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How to Learn French


French is probably the most harmonious and melodic language on Earth. Although it's no longer so popular as it used to be, it's still the language of love and arts with millions of devoted fans across the globe. If you want to speak French, this article would walk you through the most important things about learning a new language.


  • It's important to have regular exercises, the more the better. Ideally, you want to learn French at least 5 days a week.
  • The very basics of French language are learnt in first 1-2 months. That's the time when you learn how to read and the basics of grammar. It's a good idea to split your lessons in two short halves (about 20-40 minutes each). After that, you should devote 1,5-2 hours to each new lesson, but it doesn't mean you are supposed to pore over books. Listen to French speech, watch movies, and listen to French songs to improve your comprehension skill.
  • The first thing you must dwell upon is learning how to read. French words are hard to write and pronounce, so you want to read as much as possible without thinking of the translation. The rules of reading and pronunciation are pretty unusual, but they are also very logical. You'll get used to them in no time if devote enough time to reading.
  • Phonetic peculiarities of French language will be easier to understand if you combine learning of phonetic rules with listening, speaking, learning new words, and doing grammar exercises.
  • When you learn French words, remember that the concepts of time and space differ from culture to culture. Thus, you should memorize the phrases instead of words and learn various word combinations with the same verbs, nouns and adjectives to get a better idea of how these words "act" in the given language. Memorize prepositions and conjunctions when you learn French verbs.
  • French grammar is much more difficult than English grammar, especially when it comes to conjugations. That's probably the most challenging part of learning this language. However, the devil is not so black as he is painted. All you need is a lot of practice. Keep cramming these rules until you do it as natural as breathing, and don't forget to combine your grammar lessons with parallel reading and listening.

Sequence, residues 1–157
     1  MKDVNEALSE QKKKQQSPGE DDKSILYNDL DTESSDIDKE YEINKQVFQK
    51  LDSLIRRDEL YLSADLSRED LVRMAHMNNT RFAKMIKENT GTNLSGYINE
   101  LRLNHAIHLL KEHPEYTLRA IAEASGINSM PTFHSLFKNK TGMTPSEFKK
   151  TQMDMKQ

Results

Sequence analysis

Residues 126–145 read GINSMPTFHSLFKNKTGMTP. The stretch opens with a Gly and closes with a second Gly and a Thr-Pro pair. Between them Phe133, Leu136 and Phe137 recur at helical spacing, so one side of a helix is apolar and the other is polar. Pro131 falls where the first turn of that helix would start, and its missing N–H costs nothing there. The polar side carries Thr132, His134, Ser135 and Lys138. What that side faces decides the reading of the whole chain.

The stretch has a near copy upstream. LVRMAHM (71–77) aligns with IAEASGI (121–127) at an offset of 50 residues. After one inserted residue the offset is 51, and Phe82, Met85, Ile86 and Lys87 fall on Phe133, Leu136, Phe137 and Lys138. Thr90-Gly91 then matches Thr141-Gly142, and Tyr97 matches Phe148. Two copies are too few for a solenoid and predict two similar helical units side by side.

• After a little while, you'll notice that you can read and comprehend simple texts, but the real comprehension is impossible without some speech practice. You can start with listening to some simple dialogs or monologs of your teacher, and then start speaking. It's a good idea to register on a website like Busuu to practice your written skills, and then find someone to talk to.
  • As you progress, make sure you learn as many new words as possible. Basically, you don't need perfect grammar skills to express your thoughts in French, but the lack of vocabulary would be a problem.


  • Don't try to translate French sentences word-by-word using the method of tracing. You shouldn't search for the direct parallels between English and French because, although belong to the same group of languages, they are really different.
  • Don't be afraid of speaking and making mistakes. Trial and error is the only way you can actually start speaking.
  • Don't learn everything from books. You need a teacher to explain you what stands for what, and also a lot of reading, speaking, and listening to succeed.



Learning French takes a lot of time and requires a healthy amount of enthusiasm. The last advice is: neither books nor the best teachers can do a better job than visiting a French-speaking country! Go there if you have a chance, and this trip would be the best French lesson ever.

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